Thursday, September 14, 2017

The Rising Star is for sale.

Yes, you read that right. And I'm selling the bike, not the blog.
I know that this may come as a shock, and you may not understand why I've decided to sell it. You may disagree and think this is a mistake. Well, perhaps. But I've thought this through and I consider this to be the end of a very interesting experience that has taught me a lot: I've dreamt this bike into existence, I figured out its dimensions, what it would weigh, how it would handle, how it would look down to the smallest detail. With the help of some friends I built it, and finally rode it (a lot). Now I feel satisfied about it but another bug has bitten me so the reason I want to sell it is so that I can move onto another project, something that I'll hopefully manage to show you in the not too distant future.
Now, I want the Rising Star to go to someone who will appreciate it for what it is, and look after it.
Together with the bike, I will give a small box of spares and something very special: a twin-carb head from an A50 Cyclone.
Get in touch for details, this is one neat bike: buy it, and go have some adventures.

Thursday, September 7, 2017

Triumph 750 for sale

Uncle Fester has a rip-roarin' 750 OIF Triumph for sale. This is a left-hand shift bike with disc brakes front AND rear, it rides really well and is going to a lucky new owner (you?) for a very reasonable price. Get in touch for more info!

Tuesday, August 29, 2017

Majella tour.

Ever since we discovered the region of Abruzzo years ago, we have been under its spell and have gone back time and again, to revel in its beauty and the vastness of such an unspoilt land, all fairly close to home.
One place I had wanted to see for myself was the Majella national park, yet another huge territory of stunning landscapes and wild natural beauty but for some reason our plans were thwarted more than once. This year, we have finally managed to make it over there and get a first taste of this majestic park.

As I said, having been to Abruzzo several times over the last few years, we have become familiar with how the place looks (to put it plainly), and what the aesthetics of those mountains are.
On some level, I guess I must have expected to encounter the same "look and feel", and I think that was a good thing, because when we finally entered the park I was rendered simply and utterly speechless by a unique landscape, far more beautiful than I could have imagined, or than I can describe for that matter, and very different from what we had seen in our previous trips.

Perhaps the biggest surprise was finding Witold astride his latest machine, an ultra-futuristic early 90s BMW K100RS, outside my garage the evening before we were set to leave; he was in Germany and although I knew he was making his way back, I also knew that he would not have been back in time for the trip, so imagine my joy when I learned that he had made excellent time and would have joined us on this adventure.
Marco on his part has finally taken delivery of the latest incarnation of his BMW, now an unstoppable 980cc "Sports-Scrambler", that got the uncle Fester treatment to sort out a considerable number of niggling little things that were never quite right. The electrics on this particular bike seem to be stubbornly recalcitrant, and it is probably the last hurdle to clear in the near future, but all in all everything worked out ok, despite Marco loosing his ignition key at high speed on the autostrada! This happened because the switch was obviously faulty and no longer able to secure the key in the 'On' position.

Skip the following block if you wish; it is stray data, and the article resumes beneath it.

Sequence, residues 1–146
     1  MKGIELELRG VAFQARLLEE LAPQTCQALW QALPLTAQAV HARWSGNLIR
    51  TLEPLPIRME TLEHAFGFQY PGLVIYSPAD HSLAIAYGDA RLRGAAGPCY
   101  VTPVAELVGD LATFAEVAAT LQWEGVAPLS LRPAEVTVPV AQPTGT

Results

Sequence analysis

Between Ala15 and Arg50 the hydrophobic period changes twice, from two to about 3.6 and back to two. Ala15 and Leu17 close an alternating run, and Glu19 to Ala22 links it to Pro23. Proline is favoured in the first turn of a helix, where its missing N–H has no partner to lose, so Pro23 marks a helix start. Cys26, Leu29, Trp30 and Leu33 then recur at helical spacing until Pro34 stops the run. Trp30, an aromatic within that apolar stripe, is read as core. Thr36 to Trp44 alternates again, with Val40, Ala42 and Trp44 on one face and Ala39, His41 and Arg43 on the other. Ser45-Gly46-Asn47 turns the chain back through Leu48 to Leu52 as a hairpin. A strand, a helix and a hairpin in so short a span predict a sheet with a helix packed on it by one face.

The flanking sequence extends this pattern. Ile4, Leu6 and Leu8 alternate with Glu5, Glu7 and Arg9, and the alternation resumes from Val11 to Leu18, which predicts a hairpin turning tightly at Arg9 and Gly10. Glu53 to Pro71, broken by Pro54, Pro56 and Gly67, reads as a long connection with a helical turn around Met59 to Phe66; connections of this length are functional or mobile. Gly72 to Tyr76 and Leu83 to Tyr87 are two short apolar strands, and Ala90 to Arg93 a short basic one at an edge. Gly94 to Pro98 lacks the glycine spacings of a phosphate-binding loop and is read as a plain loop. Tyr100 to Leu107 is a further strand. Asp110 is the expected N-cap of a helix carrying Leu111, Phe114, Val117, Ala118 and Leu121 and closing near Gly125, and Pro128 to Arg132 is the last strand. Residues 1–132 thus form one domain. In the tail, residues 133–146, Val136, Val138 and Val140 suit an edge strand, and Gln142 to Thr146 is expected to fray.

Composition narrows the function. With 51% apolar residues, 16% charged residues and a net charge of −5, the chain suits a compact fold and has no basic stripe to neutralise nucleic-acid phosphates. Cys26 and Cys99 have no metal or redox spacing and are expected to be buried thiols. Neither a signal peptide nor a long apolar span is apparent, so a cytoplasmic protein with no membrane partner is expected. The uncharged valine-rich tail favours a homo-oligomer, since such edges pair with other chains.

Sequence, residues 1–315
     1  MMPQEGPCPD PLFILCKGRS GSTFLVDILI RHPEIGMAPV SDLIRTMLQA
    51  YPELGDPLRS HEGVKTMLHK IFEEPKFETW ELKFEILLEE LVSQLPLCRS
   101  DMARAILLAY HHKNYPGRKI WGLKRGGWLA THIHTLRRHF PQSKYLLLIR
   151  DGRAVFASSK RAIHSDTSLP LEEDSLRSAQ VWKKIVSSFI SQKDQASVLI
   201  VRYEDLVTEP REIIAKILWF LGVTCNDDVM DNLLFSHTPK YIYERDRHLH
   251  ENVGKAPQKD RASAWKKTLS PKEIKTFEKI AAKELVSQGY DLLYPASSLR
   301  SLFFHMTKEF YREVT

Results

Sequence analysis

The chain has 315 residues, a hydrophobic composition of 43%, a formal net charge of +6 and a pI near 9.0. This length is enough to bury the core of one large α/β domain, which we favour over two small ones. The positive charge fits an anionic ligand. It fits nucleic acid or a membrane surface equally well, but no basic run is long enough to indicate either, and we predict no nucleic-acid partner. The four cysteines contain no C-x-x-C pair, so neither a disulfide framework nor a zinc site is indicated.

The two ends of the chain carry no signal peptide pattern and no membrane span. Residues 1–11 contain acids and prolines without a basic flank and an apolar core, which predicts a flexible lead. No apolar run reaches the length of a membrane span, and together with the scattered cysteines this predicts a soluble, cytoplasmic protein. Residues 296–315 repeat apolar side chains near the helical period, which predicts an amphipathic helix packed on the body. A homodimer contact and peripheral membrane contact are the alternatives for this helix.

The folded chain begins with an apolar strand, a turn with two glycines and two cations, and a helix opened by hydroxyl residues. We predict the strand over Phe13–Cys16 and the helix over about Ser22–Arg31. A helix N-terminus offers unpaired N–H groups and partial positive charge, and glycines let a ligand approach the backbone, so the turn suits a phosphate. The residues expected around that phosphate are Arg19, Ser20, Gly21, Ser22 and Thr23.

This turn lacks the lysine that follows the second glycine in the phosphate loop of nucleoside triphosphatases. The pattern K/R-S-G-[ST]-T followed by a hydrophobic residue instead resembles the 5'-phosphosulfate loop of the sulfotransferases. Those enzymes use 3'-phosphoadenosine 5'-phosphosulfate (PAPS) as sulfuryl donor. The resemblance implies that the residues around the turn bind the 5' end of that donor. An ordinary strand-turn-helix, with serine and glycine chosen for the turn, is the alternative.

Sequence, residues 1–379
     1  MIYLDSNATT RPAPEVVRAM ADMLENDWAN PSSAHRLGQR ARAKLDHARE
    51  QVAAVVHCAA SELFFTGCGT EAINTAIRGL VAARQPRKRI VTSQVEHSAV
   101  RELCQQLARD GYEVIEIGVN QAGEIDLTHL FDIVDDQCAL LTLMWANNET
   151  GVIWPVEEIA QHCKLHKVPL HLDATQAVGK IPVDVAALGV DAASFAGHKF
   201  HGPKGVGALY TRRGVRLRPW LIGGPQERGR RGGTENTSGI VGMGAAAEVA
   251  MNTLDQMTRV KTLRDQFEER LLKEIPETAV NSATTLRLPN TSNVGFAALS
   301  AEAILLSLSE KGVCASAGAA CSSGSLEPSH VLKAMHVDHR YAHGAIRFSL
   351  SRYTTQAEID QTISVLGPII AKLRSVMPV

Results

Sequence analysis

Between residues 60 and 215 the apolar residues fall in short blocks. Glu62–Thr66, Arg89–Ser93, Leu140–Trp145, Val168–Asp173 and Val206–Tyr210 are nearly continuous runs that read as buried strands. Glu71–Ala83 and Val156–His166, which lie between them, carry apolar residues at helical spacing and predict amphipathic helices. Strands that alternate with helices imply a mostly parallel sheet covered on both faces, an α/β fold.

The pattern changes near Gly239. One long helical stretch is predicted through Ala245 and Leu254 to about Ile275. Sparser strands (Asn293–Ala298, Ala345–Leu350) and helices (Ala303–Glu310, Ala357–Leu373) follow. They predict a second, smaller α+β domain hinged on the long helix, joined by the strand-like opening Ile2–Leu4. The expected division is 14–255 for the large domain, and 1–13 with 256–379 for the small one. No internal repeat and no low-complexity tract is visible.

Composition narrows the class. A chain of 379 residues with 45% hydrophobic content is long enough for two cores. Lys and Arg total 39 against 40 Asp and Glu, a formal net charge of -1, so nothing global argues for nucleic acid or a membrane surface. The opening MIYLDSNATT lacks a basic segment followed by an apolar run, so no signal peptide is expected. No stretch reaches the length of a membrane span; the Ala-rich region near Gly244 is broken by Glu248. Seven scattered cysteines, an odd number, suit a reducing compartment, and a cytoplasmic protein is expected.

Thankfully the switch didn't cut off the engine, or it could have spelled disaster. However, it meant that the guy had to disconnect the battery every time we stopped for more than a few minutes, a real pain in the ass.
A new switch is being procured, so hopefully that will be sorted for good.
Here are some more photos from along the way, I'm really at a loss for words and I think it'll be a while before I really digest all that we have seen and experienced along the way.
We asked a group of pilgrims to take our photo, these folks were trekking across the park on foot, with all their gear on their backs and in quiet veneration of the land and the divine. I guarantee they experienced far more than we did on the bikes... Also, notice Marco's new and far classier handlebar compared to the one he had before:

Do not be alarmed by what may seem like a thousand yard stare, I am simply planning (yes, already!) the next tour of this beautiful park:

If all goes well, next year we'll do this again, and we'll organize things in the light of what we learned and figured out this time around.
For instance, I think the way to do this right is three days, two nights. Hear me out, day 1 is for getting to the campsite from Rome, we'll make a nice trip of it, stop for lunch somewhere, take our time and enjoy some downtime at the campsite in the evening.

We then leave early on day 2 from the campsite, and do the loop with plenty of time to stop for photos, a drink here and there, lunch and generally soaking it all in. For example, one detour we didn't have time for this time is near the top of this peak:

By the time the sun sets we'll be back at the campsite, instead of stuck up a mountain in a deep dark forest like this time. Yeah, I used the word "adventure" on purpose earlier. Finally, day 3 is the return leg, where you can gun it all the way if you need to be back early, or you can take it easy and enjoy some more time on the road, to really appreciate what you've seen. Anyone interested? It'll probably be around the end of May, or beginning of June...

Time to ride off into the proverbial sunset, but check back soon because we're getting ready for the CMT4 and it should be a good one...